Iain Dale 7pm - 10pm
Pledge to crack down on Covid loan fraud as 'suitcases of cash' stopped at border
27 April 2022, 16:31 | Updated: 27 April 2022, 18:11
The Government has pledged to crack down on £4.9bn worth of Covid loan fraud after an investigation found 'suitcases stuffed with taxpayers' cash' were seized at the UK's borders.
Listen to this article
Border Force officials stopped people at airports as they tried to smuggle the suitcases out of the country, an investigation by The Times found.
They were "carrying large amounts of money" believed to be from coronavirus bounce-back loans for businesses, a Home Office source told the newspaper, and the money was confiscated under the Proceeds of Crime Act.
Others who received financial support during the pandemic were found to have spent the money on gambling sprees, home improvements, cars and watches.
Company directors often transferred money from their loans into personal bank accounts despite the fact, under the rules, they could only be used to support businesses.
£17 billion of £47 billion spent by the Government on the loans is never expected to be paid back, with £4.9 billion suspected to have been lost to fraud.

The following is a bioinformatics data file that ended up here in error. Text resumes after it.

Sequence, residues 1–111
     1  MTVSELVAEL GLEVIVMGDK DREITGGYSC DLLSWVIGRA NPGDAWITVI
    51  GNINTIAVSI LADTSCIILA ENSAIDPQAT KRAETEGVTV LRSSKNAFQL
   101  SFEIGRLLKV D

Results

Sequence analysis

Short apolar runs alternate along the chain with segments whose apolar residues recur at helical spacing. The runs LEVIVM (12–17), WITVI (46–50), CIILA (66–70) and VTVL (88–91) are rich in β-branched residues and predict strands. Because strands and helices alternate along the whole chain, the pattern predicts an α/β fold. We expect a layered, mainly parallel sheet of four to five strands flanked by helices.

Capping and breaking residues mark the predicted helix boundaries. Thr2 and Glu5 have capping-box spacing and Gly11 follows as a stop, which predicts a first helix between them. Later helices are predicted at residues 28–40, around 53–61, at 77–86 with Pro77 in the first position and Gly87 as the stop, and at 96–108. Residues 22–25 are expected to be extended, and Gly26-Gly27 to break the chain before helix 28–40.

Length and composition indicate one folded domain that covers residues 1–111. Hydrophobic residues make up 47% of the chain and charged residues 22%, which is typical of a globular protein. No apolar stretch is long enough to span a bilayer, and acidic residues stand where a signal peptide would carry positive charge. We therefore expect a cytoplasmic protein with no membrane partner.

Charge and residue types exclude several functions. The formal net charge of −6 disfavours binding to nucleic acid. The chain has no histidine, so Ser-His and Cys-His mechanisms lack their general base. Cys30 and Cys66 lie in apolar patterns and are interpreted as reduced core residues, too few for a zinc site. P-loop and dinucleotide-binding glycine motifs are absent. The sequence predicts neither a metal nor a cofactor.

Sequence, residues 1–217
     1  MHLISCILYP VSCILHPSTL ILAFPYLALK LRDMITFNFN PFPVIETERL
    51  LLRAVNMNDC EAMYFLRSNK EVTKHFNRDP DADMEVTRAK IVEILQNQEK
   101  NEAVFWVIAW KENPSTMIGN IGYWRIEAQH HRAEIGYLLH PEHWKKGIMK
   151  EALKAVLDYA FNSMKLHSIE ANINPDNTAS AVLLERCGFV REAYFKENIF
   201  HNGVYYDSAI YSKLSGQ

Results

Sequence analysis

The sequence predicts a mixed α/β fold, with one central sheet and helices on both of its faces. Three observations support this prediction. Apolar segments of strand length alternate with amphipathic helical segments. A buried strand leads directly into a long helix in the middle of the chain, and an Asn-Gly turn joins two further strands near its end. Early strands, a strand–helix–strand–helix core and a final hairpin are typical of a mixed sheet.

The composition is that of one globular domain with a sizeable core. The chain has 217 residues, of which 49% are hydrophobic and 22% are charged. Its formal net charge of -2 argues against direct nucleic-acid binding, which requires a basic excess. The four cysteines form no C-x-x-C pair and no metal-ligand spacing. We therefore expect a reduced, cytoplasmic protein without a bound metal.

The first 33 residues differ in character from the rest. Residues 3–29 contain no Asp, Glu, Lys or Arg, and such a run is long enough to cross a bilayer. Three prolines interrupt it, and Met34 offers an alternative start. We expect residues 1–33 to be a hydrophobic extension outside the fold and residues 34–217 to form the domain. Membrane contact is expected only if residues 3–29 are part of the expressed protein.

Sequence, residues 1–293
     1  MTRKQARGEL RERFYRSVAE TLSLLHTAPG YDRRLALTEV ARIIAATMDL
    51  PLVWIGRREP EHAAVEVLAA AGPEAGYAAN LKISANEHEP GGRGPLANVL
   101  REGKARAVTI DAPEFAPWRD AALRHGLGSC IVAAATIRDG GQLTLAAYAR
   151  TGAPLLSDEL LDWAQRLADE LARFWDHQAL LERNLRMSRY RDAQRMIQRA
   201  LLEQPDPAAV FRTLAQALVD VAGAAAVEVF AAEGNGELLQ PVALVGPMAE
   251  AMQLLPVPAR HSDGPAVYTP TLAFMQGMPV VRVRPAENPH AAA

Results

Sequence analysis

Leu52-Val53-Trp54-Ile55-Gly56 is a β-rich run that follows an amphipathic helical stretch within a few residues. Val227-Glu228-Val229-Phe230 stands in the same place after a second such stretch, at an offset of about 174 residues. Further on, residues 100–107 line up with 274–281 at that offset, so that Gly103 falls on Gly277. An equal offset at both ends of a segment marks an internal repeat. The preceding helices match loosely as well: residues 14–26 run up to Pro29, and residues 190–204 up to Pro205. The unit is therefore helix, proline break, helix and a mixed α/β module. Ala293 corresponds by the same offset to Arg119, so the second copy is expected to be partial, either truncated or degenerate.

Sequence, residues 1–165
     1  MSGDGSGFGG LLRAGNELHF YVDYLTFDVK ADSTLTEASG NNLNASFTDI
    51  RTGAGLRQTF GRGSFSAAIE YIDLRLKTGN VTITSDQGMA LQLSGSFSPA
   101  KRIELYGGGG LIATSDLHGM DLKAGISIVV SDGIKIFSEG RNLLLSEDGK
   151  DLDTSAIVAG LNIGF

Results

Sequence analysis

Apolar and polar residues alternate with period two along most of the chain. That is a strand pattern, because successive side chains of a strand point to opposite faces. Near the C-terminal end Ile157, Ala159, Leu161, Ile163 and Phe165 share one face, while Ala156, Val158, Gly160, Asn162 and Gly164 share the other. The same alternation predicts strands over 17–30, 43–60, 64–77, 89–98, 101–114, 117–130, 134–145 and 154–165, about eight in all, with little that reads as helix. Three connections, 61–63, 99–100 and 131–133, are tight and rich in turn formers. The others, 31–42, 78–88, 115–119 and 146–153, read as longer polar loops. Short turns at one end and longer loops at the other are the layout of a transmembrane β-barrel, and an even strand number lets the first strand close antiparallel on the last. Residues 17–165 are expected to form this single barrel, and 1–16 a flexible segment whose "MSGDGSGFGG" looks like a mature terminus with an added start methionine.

David Clarke, former head of fraud for City of London police and former chairman of the Fraud Advisory Panel, told The Times the revelations were "startling" and "proved there were in effect no protections on the money being sent out".
A Treasury spokesman said: "Our Covid support schemes were implemented at unprecedented speed and successfully protected millions of jobs and businesses at the height of the pandemic.
"Last year we stopped nearly £2.2 billion in potential fraud from the bounce-back loan scheme, and £743 million of over claimed furlough grants.
"Our new Taxpayer Protection Taskforce, made up of nearly 1,300 staff, is expected to recover an additional £1 billion of taxpayers' money."
James O'Brien reacts to Michael Gove Covid contract court ruling
It comes as Chancellor Rishi Sunak today launched a 'fraud squad' to tackle criminal gangs who rip off the taxpayer.
The new Public Sector Fraud Authority will recruit "leading data analytics experts and economic crime investigators".
It aims to "recover money stolen from Covid support schemes and spot suspicious companies and people seeking Government contracts", and is expected to begin work in July.
Mr Sunak said: "This elite fraud squad, backed by £25 million, will ensure the latest counter fraud techniques are being used to track down these criminals.
"People are rightly furious that fraudsters took advantage of our vital Covid support schemes, and we are acting to make sure they pay the price."